Today was the most bizarre day I’ve experienced in a really long time. The same day consisted of me holding the newborn boy of a girl I consider a cousin as well as punching myself in the face on Coney Island’s Cyclone.
This pseudo cousin gave birth to her first child deep into Saturday night. This afternoon I was on the Southern State to see and hold the closest thing I have to a blood nephew (I say that with all due respect to my nephews-in-law).
This was the first newborn in my adult life that I actually cared about before meeting it. I walked in the room to find my pseudo family wiped out with exhaustion, and my friend handed me the baby boy, a tiny package of 6 pounds and some ounces. He was absolutely beautiful, and if beauty is in the eye of the beholder, well, I had a lot to behold. New(!) mother also looked amazing; as her sister – the closest thing I’ve ever had to a sister – told me about the birth, I couldn’t stop being so utterly proud of this little girl I used to play mattress-stairs with.
This experience just totally winded me; I didn’t know what to expect but felt so comfortable with it each second I was steeped in it. Family; new members of family. I’ve never witnessed it – or been a part of it to that degree – firsthand.
After I tore myself away from the family, I headed towards Coney Island to meet two college friends of mine. We strolled along the boardwalk and then figured, we’re already here, why not take a spin on the Cyclone? The Cyclone is a rickety decades-old roller coaster that is a rite of passage for New Yorkers born and bred. I’ve ridden the Cyclone; my father has ridden the Cyclone, my father’s father… that’s the kind of legend it is. It stands (and dips and dives) for the youth of the Brooklyn-bred.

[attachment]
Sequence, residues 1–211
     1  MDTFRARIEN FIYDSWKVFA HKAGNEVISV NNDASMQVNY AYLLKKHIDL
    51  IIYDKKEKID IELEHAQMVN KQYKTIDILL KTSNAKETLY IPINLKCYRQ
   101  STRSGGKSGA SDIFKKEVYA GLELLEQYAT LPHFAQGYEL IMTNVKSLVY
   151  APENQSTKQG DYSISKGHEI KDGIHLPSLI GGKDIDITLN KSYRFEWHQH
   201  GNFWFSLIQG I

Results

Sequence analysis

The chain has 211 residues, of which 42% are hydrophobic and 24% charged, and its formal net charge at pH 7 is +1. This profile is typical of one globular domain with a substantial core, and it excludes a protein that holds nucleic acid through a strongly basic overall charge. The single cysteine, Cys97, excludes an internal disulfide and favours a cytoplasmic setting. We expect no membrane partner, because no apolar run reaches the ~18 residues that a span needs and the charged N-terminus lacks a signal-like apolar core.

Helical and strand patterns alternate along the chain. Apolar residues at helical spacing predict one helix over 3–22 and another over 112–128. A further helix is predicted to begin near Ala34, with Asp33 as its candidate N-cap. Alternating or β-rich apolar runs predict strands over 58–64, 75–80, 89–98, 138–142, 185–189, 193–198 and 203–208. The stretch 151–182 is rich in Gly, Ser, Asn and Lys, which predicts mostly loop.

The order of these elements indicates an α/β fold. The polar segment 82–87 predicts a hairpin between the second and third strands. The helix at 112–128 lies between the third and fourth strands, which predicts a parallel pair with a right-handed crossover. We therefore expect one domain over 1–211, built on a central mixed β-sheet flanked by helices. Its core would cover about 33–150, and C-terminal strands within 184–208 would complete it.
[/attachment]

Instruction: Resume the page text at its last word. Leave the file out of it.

The experience was everything the baby-beholding was not. Adrenaline pumping as we climbed into the car, profanities flying as we ricketed up the first curve. Somewhere around the second drop, my glasses came off. I realized it and quickly grabbed for them, getting myself stuck in a position of holding the seat bar instead of sitting back. Somewhere in that mess, I managed to punch myself in the nose, smell my own blood, hit my head and severely strain my neck. When the ride ended, I found myself speckled in red with my nose pulling a Pinocchio.
How had I gotten from holding a one-day old baby and being so moved I could barely talk, to icing my nose and not being able to move my head sideways? Or maybe the question should be reversed – when does this youth ride come to an end? When do you realize you’re pathetic for trying?
I feel young, and I know from family history I will feel young for a long time to come. But this is a different kind of young – it’s a youth based on a different kind of curiosity, not the kind pumped by adrenaline and profanities. This youth is not as bold, not as daring, not as stupid, but it is a journey of satisfying many of the questions I’ve held and learning the new questions to be asking. This youthfulness might not be any smarter than the past one, but it’s definitely not stupider.
Or maybe I have it all wrong; maybe I’ve been out of New York for too long and missed the message altogether. Maybe New York was asking me if I really feel up to being here. Maybe she has something to say for those of us who leave her.
Maybe Brooklyn was giving me a beating, showing me what it really means to come back.